Mitt, What Happened To The Case For Greatness?

OK, I have not yet grabbed the new paperback edition of Mitt Romney's "No Apology," since I have the hardcover (which I reviewed last February along with my analysis of his 2012 remake) and I could read the new introduction online.

But now I'm going to have to get the paperback, so I can go through and see if he's altered the text from the original. I suspect he has. After all, he's altered the title.

The hardcover was called "No Apology: The case for American greatness." The paperback is "No Apology: Believe in America."

I don't care for the change, personally -- the new version is bossy, and seems to imply that I don't believe in America. (For the same reasons, I also don't care for the wording of those yellow-ribbon car magnets, "Support Our Troops." Why not "I Support Our Troops"? Or "Let's All Support Our Troops"? But I'm probably alone on that one.)

In any event, the new introduction gives me further pause, and makes me wonder whether the text itself may have been monkeyed with. Because, the intro doesn't quite fit with the tenor of the hardcover.

As I wrote in my review at the time, "No Apology" was a quite reasonable, often interesting analysis of the global security and economic challenges facing America, focused around the argument that America must remain militarily and economically dominant, lest some competing vision of humanity gain power (Russian, Chinese, or Jihadist). I found many of its arguments unpersuasive, and its criticisms of Obama unnecessarily harsh, but overall I suggested that it "might just make him the most-qualified candidate in the GOP field."

But I also wrote: "It might not, however, get him the votes of the movement conservatives, Tea Party activists, Limbaugh/Beck/Hannity acolytes, and birthers who currently dominate Republican politics."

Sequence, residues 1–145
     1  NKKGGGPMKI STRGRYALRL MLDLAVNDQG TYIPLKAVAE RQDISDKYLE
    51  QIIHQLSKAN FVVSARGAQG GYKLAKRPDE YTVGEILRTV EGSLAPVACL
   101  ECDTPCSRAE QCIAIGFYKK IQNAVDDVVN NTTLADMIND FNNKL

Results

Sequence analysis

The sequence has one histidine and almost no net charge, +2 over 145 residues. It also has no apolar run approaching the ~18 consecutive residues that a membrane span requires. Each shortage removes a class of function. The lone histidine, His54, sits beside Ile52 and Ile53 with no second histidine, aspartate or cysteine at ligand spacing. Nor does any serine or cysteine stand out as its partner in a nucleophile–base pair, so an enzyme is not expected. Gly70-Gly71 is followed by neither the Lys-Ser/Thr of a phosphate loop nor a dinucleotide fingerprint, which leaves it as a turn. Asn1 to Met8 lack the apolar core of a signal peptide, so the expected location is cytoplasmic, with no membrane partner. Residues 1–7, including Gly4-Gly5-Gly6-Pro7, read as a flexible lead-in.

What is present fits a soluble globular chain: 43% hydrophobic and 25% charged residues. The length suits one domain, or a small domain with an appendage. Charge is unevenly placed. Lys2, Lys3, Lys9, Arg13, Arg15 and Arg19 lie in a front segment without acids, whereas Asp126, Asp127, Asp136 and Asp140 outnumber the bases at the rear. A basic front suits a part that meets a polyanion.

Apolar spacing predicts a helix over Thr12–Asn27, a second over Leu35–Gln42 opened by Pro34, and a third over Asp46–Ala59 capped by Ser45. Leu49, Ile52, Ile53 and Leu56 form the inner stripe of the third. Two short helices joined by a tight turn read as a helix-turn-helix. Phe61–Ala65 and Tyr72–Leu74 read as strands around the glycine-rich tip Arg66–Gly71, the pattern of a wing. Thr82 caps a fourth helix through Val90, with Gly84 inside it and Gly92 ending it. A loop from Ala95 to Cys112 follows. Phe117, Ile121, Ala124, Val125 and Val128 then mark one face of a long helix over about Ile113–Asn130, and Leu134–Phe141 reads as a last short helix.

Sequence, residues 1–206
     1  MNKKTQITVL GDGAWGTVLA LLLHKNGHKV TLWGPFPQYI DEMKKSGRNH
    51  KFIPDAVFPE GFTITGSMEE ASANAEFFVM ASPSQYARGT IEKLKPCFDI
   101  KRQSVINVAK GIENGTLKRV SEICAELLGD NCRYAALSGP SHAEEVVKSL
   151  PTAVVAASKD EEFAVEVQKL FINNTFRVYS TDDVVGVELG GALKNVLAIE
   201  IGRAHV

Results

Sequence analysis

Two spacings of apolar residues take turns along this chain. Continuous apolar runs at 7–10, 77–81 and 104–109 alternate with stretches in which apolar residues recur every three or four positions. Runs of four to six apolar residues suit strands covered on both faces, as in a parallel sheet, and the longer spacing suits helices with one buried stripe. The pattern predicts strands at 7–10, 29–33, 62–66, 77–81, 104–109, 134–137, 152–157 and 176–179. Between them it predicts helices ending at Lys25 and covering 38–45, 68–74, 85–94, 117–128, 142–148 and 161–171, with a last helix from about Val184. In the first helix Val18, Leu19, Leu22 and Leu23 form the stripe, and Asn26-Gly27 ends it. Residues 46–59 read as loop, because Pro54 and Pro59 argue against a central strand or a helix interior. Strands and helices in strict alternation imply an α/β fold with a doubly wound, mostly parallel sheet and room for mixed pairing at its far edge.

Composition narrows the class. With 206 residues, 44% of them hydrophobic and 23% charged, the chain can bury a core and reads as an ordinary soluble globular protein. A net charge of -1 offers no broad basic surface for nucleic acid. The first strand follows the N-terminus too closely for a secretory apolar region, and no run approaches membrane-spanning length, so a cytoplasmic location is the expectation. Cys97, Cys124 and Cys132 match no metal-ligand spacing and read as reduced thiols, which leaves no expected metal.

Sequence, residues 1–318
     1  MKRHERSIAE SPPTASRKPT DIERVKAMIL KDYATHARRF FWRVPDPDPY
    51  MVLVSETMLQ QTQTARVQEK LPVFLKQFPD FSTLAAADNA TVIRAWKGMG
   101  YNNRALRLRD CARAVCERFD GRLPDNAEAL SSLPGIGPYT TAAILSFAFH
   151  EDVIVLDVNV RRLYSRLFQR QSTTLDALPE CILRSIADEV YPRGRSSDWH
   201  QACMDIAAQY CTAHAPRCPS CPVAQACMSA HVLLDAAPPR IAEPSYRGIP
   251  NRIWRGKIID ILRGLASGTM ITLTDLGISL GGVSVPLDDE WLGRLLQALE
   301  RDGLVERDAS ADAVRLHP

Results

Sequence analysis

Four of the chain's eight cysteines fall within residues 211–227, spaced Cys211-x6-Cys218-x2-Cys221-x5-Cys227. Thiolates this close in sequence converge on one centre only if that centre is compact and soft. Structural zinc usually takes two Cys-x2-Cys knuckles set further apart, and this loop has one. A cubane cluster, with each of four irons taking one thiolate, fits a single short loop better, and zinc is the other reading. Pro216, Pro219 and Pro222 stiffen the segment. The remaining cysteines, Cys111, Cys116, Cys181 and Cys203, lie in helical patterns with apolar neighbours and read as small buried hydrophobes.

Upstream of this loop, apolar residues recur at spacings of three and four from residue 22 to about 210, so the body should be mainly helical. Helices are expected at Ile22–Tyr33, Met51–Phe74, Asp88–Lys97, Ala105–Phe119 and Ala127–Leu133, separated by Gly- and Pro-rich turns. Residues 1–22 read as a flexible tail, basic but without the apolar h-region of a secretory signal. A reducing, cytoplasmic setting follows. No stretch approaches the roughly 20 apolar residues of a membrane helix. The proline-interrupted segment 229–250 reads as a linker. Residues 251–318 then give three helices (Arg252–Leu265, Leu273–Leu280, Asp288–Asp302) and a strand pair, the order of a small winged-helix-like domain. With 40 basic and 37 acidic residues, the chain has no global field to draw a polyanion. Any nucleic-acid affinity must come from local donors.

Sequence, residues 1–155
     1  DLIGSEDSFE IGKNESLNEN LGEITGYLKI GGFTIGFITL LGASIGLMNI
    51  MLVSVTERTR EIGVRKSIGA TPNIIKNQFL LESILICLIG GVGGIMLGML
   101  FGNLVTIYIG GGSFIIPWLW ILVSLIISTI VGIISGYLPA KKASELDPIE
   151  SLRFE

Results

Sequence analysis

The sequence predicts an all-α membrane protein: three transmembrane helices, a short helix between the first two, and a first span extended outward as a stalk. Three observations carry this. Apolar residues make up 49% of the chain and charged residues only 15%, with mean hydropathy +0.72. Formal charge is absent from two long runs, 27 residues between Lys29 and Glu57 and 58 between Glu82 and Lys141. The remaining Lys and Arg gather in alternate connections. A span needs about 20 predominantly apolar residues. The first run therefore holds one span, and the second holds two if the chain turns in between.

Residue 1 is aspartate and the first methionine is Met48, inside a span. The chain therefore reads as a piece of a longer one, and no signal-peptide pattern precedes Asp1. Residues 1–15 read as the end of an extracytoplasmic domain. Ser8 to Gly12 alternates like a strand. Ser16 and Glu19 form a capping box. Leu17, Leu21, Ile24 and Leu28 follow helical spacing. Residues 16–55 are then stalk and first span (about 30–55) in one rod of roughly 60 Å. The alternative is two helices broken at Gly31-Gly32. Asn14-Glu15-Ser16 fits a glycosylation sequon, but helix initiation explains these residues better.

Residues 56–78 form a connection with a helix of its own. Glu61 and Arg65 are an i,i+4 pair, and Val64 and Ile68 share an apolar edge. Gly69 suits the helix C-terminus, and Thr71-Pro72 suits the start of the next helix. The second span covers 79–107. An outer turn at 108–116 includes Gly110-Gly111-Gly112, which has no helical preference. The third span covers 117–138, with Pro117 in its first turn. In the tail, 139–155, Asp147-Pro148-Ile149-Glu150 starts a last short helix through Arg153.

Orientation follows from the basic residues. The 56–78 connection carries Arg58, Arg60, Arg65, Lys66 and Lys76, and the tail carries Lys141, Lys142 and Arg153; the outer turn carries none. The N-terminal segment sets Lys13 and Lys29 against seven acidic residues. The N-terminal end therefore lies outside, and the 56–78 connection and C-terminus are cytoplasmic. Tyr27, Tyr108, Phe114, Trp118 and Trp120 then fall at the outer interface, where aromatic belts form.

Judging by the new intro, I'd say Romney has decided that the more reasonable Romney I wrote about back then was not going to cut it.
The intro is about as Tea Party pandering as it gets. He goes on and on about the Founding Fathers (the word 'founders' appears more than a dozen times), and how today's lefties want to destroy everything they stood for -- especially 'freedom,' a word that shows up an amazing 25 times. There are 11 uses of 'Constitution,' including an extended riff on "plain man" farmer Jonathan Smith, delegate to the Massachusetts ratifying convention, who didn't need no stickin' educated lawyer-types (like Harvard law and MBA double-diploma recipient Romney?) to understand the Constitution.
Joe the Plummer gets a shout-out. Not only the Tea Party, but also the 9/12 movement get mentioned. He refers to bills by the number of pages, and carps about lawmakers not reading them. He hurls inane, broad accusations of America-hating against unnamed liberals, "elites," or the unspecified third-person plural, as in "They delight when they can replace personal responsibility with government requirements." The accusation of socialism, which I noted was thankfully absent from the original, gets trotted out in this new intro.
I would also point out one omission that I find striking: New START.
From not long after the hardcover's publishing, Romney has stridently ranted against that treaty. He has been perhaps the single leading voice of opposition, in fact.
The treaty was ratified in December (and since then was ratified by the Russian legislature; Obama signed it today). Surely we are in for dire times -- this fits in precisely with the warnings that are the theme of the book. Yet Romney makes no mention of it (or to much of any foreign-policy developments of the past year) in the intro, and as far as I can tell avoided the topic during yesterday's all-over-the-dial media blitz.
Perhaps the theme of the book has changed, or at least surgically altered. Perhaps Romney is no longer planning to run on this theme of responsible stewardship of America's economic and military might. Maybe he's going to run on Tea Party platitudes. Maybe that's smart. It would be a little disappointing.
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